These controls don’t automatically reset back to their defaults when turning the camera on and off, so make sure to do a check before getting started. I’ve gotten in trouble in the past when I fire off a frame with the flash off and MF on and completely waste a shot.
To load film into the Spectra System, first open the camera. Then, on the opposite side from the open/close switch, there is another switch on the side that is accessible when the camera is open. Push down on it, and the front flap opens, revealing the film compartment.
Remove the old pack of film (if there is one) by pulling it out by the tab attached to the cartridge. Insert a new pack of film by pushing it in through the same slot. The ‘wide’ end with the plastic lip should face out, with the darkslide facing up and the metal contacts facing down.
Once the film is fully inserted, you’ll be able to shut the film compartment. As soon as it locks into place, the camera should eject a darkslide out the front. This lets you know that the film pack works, and the Spectra System is ready to go.
Taking a Picture
When the film is loaded, or the camera is turned on, simply wait for the LED to turn green to signify that the flash is charged and ready to use. Look through the viewfinder to compose, and press down halfway on the shutter to focus.
The viewfinder is still a rangerfinder, meaning that you’re looking through a window separate from the lens. You won’t be able to ‘see’ how the camera is focusing, but you will get an incredibly helpful readout that tells you how many meters or feet away the camera is focusing before you shoot. This gives you a heads up that the camera may think a chair two feet away is the subject, when you’re actually trying to shoot a landscape at infinity.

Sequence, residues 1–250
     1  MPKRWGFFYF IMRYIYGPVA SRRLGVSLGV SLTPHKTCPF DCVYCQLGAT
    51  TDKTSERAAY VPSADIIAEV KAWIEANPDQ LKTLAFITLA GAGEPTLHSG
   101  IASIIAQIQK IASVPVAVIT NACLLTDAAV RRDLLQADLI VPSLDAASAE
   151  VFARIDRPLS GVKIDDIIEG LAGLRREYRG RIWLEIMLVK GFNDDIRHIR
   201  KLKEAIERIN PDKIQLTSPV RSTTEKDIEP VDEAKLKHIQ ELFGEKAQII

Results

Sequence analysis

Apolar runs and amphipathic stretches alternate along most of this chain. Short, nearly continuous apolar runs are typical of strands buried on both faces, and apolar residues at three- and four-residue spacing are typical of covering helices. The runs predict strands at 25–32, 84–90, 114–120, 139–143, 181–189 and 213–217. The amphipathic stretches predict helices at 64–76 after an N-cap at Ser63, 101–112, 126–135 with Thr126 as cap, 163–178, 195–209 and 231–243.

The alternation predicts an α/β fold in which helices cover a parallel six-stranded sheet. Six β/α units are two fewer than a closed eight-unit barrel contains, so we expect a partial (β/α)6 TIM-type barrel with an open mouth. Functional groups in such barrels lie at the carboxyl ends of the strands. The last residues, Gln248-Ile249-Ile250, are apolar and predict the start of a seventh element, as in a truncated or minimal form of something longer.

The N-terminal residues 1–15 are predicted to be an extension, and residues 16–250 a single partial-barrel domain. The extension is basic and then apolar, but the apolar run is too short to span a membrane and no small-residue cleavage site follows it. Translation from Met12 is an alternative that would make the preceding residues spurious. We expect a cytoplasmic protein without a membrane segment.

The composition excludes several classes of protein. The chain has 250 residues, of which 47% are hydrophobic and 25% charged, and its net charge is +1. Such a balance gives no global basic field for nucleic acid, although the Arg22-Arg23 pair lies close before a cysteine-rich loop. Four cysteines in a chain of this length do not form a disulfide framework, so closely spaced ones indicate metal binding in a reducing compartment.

If the camera detects focus within range of your subject (it usually does, sonar autofocus works pretty darn well), press down all the way on the shutter to take the picture.
The image will be ejected through the slot on the front of the camera. For best contrast, make sure the image is hidden away from sunlight as it develops. The image is most sensitive to light when it initially pops out of the camera, so putting it inside a pocket or just flipping it upside down always helps.
Temperature also affects Polaroid Originals film, so if you’re shooting in cold weather, it often helps to put a developing image in a warm pocket.
That’s it! You got a picture. After it finishes developing, which takes anywhere between five and thirty minutes, depending on the film, you can display or scan it.
I have a whole article about how to scan your Polaroid images, and once you get them digitized, you can share them online!